Hurricane season is officially here — and 2017 could produce an above-average number of storms, according to predictions.
What does this have to do with investors? The Financial Industry Regulatory Authority warns against stock scams that tout the promise of huge gains in the wake of the next hurricane or other natural disaster in a new Investor Highlights newsletter.
“In years past, stock promotions touted ‘massive run-ups’ in a stock’s price in the aftermath of the storm ‘as demand to repair homes skyrockets,’” FINRA warns. “You can expect unsolicited faxes and spam about investments that exploit a variety of hurricane-related opportunities.”
According to FINRA, best bets for scams include stocks associated with cleanup or rebuilding and those that purport to take advantage of refinery issues and the rising cost of oil and gas.
Unsolicited text, email and other types of spam about investments that exploit a major disaster frequently include price targets or predictions of swift and exponential growth.
These scams also often include the use of facts from respected news sources to bolster claims of a price run-up – for example that “some percentage of the billions of dollars it will take to rebuild after the hurricane will contribute directly to a company’s bottom line,” FINRA says.
Scams may also mention contracts or affiliations with federal government agencies or large well-known companies. They also often include statements about how much easier it is for low-priced stocks to skyrocket in value in comparison to higher-priced stocks.
FINRA offers four tips to avoid potential scams:
1. Investigate before you invest.
“Never rely solely on information you receive in an unsolicited email, text message or other form of communication,” FINRA states.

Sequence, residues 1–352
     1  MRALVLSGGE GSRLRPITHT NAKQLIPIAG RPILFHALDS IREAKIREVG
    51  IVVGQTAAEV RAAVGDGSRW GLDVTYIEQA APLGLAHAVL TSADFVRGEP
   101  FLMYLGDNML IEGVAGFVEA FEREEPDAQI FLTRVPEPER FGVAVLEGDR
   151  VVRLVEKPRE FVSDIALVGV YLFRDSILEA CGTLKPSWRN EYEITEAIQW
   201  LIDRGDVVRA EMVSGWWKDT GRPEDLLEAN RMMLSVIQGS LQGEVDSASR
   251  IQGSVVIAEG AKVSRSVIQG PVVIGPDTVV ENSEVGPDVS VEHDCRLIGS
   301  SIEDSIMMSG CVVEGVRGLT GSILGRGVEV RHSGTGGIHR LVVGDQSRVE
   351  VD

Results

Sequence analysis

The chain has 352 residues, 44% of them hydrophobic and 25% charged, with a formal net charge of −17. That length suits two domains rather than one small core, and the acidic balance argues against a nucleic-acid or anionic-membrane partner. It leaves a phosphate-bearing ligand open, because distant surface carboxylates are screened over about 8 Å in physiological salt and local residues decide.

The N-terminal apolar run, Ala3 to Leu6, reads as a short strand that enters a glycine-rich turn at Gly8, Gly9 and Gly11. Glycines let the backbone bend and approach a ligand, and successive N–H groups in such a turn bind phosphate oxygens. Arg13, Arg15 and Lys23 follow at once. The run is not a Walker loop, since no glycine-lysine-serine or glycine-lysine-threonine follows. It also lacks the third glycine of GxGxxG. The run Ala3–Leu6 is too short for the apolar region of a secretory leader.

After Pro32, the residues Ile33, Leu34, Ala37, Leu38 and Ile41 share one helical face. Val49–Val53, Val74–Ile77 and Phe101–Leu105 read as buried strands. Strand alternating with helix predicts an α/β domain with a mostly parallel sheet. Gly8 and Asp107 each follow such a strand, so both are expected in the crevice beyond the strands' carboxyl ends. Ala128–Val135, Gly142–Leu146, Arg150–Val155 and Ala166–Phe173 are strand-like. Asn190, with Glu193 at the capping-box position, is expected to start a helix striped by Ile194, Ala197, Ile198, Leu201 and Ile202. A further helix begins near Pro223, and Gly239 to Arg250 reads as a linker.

It’s easy for companies or their promoters to make glorified claims about new products, lucrative contracts, or the company’s revenue, profits or future stock price, according to FINRA.
2. Do some sleuthing.
FINRA advises that investors find out who is at the controls of a company before they invest.
“A basic internet search is a good place to start,” FINRA says. “Proceed with caution if you turn up indictments or convictions of company officials, or news reports that raise red flags.”
FINRA also suggests trying to contact the company and its personnel because non-working phone numbers and bogus business addresses can often be revealed through a simple phone call or internet search.
3. Find out where the stock trades.
Most stock pump-and-dump schemes involve stocks that do not trade on The Nasdaq Stock Market, the New York Stock Exchange or other registered national securities exchanges. Companies that list their stocks on these registered exchanges must meet minimum listing standards, like minimum amounts of net assets and minimum numbers of shareholders.
Instead, stocks in pump-and-dump schemes tend to be quoted on an over-the-counter (OTC) quotation platform like the OTC Bulletin Board (OTCBB) or the OTC Link Alternative Trading System (ATS) operated by OTC Markets Group. Companies quoted on the OTCBB or OTC Link generally do not have to meet any minimum listing standards.
4. Read a company’s SEC filings.
Most public companies file reports with the Securities and Exchange Commission. Check the SEC’s EDGAR database to find out whether the company files with the SEC, and read the reports to verify any information about the company.
“But remember, the fact that a company that has registered its securities or has filed reports with the SEC doesn’t mean that the company will be a good investment,” FINRA advises.
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